Walking down the crowded New York City sidewalk on the way to First Presbyterian Church in Jamaica, Queens, most people would have passed by an ordinary bank parking lot and thought nothing of it. But the leaders of FPC Jamaica and their head pastor, Rev. Patrick O’Connor, saw something else: an opportunity for renewal.
This parking lot, next to FPC Jamaica, was at the center of Jamaica, Queens—a diverse working-class neighborhood with ethnic backgrounds ranging from Jamaica to Guyana to Kenya. If you were to zoom out to a bird’s-eye view, you would also see the parking lot surrounded by construction sites dotting the landscape: new developments promising economic growth along with fears of gentrification and rising housing prices.
“What if,” the church leaders dreamed, “we, the church, could plant a seed for the future of Jamaica, Queens?” What if the church baptized this seemingly ordinary piece of property into a place where people could empower themselves and find affordable places to call home?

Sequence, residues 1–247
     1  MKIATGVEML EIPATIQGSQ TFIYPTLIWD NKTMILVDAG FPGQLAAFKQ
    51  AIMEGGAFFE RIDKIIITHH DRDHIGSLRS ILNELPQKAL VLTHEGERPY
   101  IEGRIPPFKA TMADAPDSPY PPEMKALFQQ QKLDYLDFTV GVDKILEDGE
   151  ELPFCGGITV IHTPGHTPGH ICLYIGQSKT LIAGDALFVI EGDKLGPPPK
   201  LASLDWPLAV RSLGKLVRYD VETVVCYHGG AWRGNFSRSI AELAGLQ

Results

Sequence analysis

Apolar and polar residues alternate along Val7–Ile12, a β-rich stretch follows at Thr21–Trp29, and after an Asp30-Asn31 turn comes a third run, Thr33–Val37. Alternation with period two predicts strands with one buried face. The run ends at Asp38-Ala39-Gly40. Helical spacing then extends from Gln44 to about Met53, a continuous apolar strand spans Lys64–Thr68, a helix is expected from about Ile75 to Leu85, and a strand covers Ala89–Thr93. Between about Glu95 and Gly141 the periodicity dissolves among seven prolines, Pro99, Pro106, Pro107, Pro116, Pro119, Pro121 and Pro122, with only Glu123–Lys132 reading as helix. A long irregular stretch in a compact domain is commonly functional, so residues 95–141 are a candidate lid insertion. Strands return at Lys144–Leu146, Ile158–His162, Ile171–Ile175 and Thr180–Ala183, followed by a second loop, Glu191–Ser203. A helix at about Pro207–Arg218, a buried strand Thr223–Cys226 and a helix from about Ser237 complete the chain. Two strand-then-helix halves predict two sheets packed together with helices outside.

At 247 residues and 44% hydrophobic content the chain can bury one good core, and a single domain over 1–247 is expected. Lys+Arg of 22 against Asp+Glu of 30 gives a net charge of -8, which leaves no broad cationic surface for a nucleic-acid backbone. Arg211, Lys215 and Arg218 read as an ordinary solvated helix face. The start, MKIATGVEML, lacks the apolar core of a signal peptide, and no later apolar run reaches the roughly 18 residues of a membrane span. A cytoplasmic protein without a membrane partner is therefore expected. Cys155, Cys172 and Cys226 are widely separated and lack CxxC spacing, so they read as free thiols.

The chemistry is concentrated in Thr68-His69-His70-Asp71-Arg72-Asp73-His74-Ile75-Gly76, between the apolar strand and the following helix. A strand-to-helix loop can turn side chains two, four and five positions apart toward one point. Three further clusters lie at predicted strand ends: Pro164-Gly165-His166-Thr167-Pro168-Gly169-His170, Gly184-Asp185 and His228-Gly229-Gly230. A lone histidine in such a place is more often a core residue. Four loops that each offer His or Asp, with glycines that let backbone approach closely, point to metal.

Nine years later, FPC Jamaica has broken ground on the Tree of Life Center, a 12-story building with 174 affordable housing units and a community center which includes a health clinic and other social services. The center, which will open in the latter half of 2019, will be a hub for various local programs—providing financial literacy training, counseling services, childcare, and more.
Since I became Associate Pastor of FPC Jamaica two years ago, I have learned so much about the incredible leadership and passion of my church in pursuit of this project. The church, which is over 350 years old, reflects the diversity of the neighborhood—with over 35 nations represented in our congregation. This diversity fuels our church’s passion to ensure in our work that all people are treated as children of God made in God’s own image, and this vision is embodied in the Tree of Life Center.